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Molecular Medicine

, Volume 21, Issue 1, pp 381–388 | Cite as

Piwi-Interacting RNAs (piRNAs) Are Dysregulated in Renal Cell Carcinoma and Associated with Tumor Metastasis and Cancer-Specific Survival

  • Yuping Li
  • Xiwei Wu
  • Hanlin Gao
  • Jennifer M. Jin
  • Arthur X. Li
  • Young S. Kim
  • Sumanta K. Pal
  • Rebecca A. Nelson
  • Clayton M. Lau
  • Chao Guo
  • Bing Mu
  • Jinhui Wang
  • Frances Wang
  • Jessica Wang
  • Yuanyin Zhao
  • Wengang Chen
  • John J. Rossi
  • Lawrence M. Weiss
  • Huiqing Wu
Open Access
Research Article

Abstract

Piwi-interacting RNAs (piRNAs) are a distinct group of small noncoding RNAs (sncRNAs) that silence transposable genetic elements to protect genome integrity. Because of their limited expression in gonads and sequence diversity, piRNAs remain the most mysterious class of small RNAs. Studies have shown piRNAs are present in somatic cells and dysregulated in gastric, breast and liver cancers. By deep sequencing 24 frozen benign kidney and clear cell renal cell carcinoma (ccRCC) specimens and using the publically available piRNA database, we found 26,991 piRNAs present in human kidney tissue. Among 920 piRNAs that had at least two copies in one specimen, 19 were differentially expressed in benign kidney and ccRCC tissues, and 46 were associated with metastasis. Among the metastasis-related piRNAs, we found three piRNAs (piR-32051, piR-39894 and piR-43607) to be derived from the same piRNA cluster at chromosome 17. We confirmed the three selected piRNAs not to be miRNAs or miRNA-like sncRNAs. We further validated the aberrant expression of the three piRNAs in a 68-case formalin-fixed and paraffin-embedded (FFPE) ccRCC tissue cohort and showed the upregulation of the three piRNAs to be highly associated with ccRCC metastasis, late clinical stage and poor cancer-specific survival.

Introduction

Renal cell carcinoma (RCC) is one of the major human malignancies. About 30% of patients with newly diagnosed disease have evidence of metastases at presentation. In the setting of metastasis, the overall median survival of patients is <1 year (1,2). Understanding the molecular mechanism of RCC metastasis and finding the biomarkers for early prediction may help to guide more appropriate treatment, stratify high-risk patients for suitable clinical trials, develop target-specific molecular therapies and, ultimately, decrease RCC mortality.

Small noncoding RNAs (sncRNAs) that involve RNA interference (RNAi) are conventionally categorized into microRNA (miRNA), small interfering RNA (siRNA) and Piwi-interacting RNA (piRNA) subgroups on the basis of their associations with Argonaute family proteins and directly or indirectly affect every biological process in eukaryotic cells (3,4). piRNAs are a distinct group of abundant Piwiinteracting sncRNAs of 24–34 nucleotides (nt) in length (5,6). They form the piRNA-induced silencing complexes (piRISCs) with Piwi family proteins in the germline across animal species (6). As one of the major “fine tuners” that regulate the activities of transposable genetic elements (TEs) or transposons, piRNAs protect genome integrity by recognizing and silencing complementary RNA targets of TEs (6). piRNAs may also mediate transcriptional gene silencing by heterochromatin formation and transcriptional repression, in which piRISCs translocate to the nucleus to interact with nascent transcripts or DNAs at the target locus (7). Owing to their limited expression in gonads as well as sequence diversity, piRNAs are the most mysterious subclass of sncRNAs. Although piRNAs have recently been shown to be present in somatic tissues and some human cancer cells, their functional significance is still not clear (8, 9, 10, 11). Recent studies have shown differential expression of piRNAs in gastric, liver and breast cancers (12,13). However, studies of piRNA expression in clear cell RCC (ccRCC) and its metastasis have not yet been reported.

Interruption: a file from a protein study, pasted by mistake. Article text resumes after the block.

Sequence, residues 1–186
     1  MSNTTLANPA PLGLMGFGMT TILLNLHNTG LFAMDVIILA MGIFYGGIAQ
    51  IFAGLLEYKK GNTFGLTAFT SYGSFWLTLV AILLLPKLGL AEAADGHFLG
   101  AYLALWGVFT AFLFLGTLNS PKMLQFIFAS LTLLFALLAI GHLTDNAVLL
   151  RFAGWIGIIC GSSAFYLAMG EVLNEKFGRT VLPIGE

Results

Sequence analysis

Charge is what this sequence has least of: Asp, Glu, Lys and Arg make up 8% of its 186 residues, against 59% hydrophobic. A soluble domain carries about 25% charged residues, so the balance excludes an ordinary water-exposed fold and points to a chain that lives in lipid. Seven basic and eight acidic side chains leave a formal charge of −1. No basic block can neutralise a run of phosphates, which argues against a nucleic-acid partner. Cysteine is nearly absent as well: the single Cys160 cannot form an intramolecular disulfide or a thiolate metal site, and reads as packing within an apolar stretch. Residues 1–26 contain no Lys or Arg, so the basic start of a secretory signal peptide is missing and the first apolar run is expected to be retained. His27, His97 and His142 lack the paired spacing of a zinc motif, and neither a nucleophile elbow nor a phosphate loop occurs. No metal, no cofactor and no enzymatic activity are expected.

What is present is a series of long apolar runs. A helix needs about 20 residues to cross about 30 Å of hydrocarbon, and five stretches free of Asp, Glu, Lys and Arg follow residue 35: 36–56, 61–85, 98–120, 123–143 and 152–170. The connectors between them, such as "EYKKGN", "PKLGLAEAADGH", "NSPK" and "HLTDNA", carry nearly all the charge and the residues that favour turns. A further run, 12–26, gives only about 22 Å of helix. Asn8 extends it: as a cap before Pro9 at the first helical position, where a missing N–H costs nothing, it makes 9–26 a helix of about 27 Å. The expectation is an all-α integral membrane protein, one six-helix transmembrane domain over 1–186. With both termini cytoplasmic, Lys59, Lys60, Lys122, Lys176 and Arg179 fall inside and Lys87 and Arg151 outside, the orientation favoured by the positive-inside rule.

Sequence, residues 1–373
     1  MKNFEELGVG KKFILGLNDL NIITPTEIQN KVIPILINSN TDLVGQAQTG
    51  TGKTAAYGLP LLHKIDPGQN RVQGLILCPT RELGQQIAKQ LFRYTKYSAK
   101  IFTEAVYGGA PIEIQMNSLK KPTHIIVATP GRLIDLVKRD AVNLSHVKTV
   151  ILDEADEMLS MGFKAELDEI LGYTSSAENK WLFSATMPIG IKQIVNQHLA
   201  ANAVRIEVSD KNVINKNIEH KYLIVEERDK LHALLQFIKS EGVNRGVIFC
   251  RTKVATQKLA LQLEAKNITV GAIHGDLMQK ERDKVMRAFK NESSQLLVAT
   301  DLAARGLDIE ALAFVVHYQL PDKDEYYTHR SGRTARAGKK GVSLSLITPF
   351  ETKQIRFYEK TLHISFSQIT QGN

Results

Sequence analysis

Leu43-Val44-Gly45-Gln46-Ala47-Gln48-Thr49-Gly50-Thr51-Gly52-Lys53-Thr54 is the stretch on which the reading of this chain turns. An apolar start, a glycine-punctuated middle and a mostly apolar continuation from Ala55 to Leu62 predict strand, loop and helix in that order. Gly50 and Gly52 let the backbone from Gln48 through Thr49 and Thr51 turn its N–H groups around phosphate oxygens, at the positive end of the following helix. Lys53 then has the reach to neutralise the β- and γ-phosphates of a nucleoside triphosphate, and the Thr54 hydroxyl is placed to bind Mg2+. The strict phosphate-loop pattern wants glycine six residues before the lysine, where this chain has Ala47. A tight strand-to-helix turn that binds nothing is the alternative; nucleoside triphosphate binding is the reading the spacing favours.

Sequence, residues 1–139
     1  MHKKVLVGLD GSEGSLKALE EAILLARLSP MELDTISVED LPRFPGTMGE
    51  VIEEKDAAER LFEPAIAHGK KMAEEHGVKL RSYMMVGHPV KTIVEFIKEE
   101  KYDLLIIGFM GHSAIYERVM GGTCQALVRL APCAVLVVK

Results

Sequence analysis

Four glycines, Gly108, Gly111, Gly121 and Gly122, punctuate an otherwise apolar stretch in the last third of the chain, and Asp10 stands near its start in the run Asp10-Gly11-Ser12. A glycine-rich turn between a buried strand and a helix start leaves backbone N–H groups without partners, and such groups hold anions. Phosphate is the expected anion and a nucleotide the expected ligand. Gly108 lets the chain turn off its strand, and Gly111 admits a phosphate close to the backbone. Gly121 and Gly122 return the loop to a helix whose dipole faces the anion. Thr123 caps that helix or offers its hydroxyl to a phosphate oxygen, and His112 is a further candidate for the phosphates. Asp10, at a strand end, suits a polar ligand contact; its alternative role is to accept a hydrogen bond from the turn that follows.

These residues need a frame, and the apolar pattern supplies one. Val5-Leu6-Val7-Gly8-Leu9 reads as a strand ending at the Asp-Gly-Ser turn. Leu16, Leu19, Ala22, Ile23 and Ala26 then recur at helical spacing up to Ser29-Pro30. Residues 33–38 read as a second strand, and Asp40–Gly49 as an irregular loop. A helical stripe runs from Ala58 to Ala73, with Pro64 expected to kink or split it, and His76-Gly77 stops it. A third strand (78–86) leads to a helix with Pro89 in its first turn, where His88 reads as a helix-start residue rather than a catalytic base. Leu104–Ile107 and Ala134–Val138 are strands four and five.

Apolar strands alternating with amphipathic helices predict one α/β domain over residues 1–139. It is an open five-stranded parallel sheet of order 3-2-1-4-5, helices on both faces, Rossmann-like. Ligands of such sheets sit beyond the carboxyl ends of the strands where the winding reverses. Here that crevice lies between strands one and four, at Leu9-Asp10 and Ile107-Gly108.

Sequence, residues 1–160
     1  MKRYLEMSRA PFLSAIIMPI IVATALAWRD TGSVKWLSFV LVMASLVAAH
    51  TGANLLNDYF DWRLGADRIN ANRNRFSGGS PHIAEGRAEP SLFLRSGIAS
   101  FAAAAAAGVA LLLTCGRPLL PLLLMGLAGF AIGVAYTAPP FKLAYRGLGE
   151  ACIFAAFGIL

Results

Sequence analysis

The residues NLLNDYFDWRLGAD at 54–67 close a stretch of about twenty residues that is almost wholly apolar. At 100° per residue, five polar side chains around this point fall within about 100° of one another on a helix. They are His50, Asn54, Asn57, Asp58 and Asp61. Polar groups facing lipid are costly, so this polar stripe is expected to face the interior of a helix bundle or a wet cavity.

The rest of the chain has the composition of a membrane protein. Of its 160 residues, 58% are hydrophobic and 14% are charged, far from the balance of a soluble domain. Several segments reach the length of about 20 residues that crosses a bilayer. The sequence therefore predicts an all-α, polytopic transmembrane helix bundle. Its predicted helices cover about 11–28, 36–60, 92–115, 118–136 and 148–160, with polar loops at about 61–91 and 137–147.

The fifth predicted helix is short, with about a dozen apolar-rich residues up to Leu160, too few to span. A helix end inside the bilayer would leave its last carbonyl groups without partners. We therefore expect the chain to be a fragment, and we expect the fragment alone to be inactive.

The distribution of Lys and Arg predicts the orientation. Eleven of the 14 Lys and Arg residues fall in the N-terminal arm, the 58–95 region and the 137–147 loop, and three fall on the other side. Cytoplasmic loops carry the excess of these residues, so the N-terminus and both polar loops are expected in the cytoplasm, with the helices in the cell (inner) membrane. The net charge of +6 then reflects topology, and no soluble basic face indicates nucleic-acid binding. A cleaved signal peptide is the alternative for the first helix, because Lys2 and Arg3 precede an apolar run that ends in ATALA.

Up to 70–80% of RCCs are of clear cell type. In the study, we performed small RNA deep sequencing (small RNA-seq) of a 24-specimen ccRCC tissue cohort. We found a group of piRNAs present in human kidney tissue and ccRCCs, and many of them were conserved across species. By using the frozen tissue cohort, we profiled the piRNA expression in benign kidney, as well as localized and metastatic ccRCCs, and found piRNA expression to be associated with tumorigenesis and metastasis. Among the aberrantly expressed piRNAs in metastatic ccRCCs, we confirmed that the upregulation of three piRNAs (piR-32051, piR39894 and piR-43607), which are derived from the same piRNA cluster, is highly associated with late tumor stage, metastatic status and cancer-specific survival in a 68-formalin-fixed paraffinembedded (FFPE) ccRCC cohort.

Materials and Methods

RCC Tissue Cohorts

Two ccRCC tissue cohorts were established for the studies. Cohort 1 included 24 specimens of frozen tissue for small RNA-seq study. There were 6 benign kidney samples and 18 ccRCC specimens in the cohort, including samples of localized (T1-2; n = 6), locally extensive (T3; n = 6) and metastatic (M1; n = 6) ccRCC. Cohort 2 included 68 cases of FFPE ccRCC samples used for validation of the selected piRNAs associated with ccRCC metastasis. There were ccRCC specimens of stage I (pT1; n = 19), stage II (pT2; n = 5), stage III (pT3; n = 13) and stage IV (M1; n = 31). The patients (n = 18) for which frozen ccRCC samples were included in cohort 1 (the frozen cohort) all had their corresponding FFPE ccRCC counterparts included in cohort 2. The clinical characteristics of all the frozen and FFPE tumor samples/patients are listed in Table 1. All the samples were collected from ccRCC patients at the City of Hope (COH) National Medical Center (COHMC) from 1986 to 2008. The primary tumors and benign kidney tissue were sampled from nephrectomy specimens. The metastatic samples were taken from resection specimens of distant metastases. All frozen samples were snap frozen shortly after removal at operation and had been stored at −80°C in the COH Tumor Bank. The protocol for using these samples was approved by the COH Cancer Protocol Review and Monitoring Committee (CPRMC) and Institutional Review Board (IRB). A waiver of informed consent and HIPAA authorization had also been approved by the COH IRB.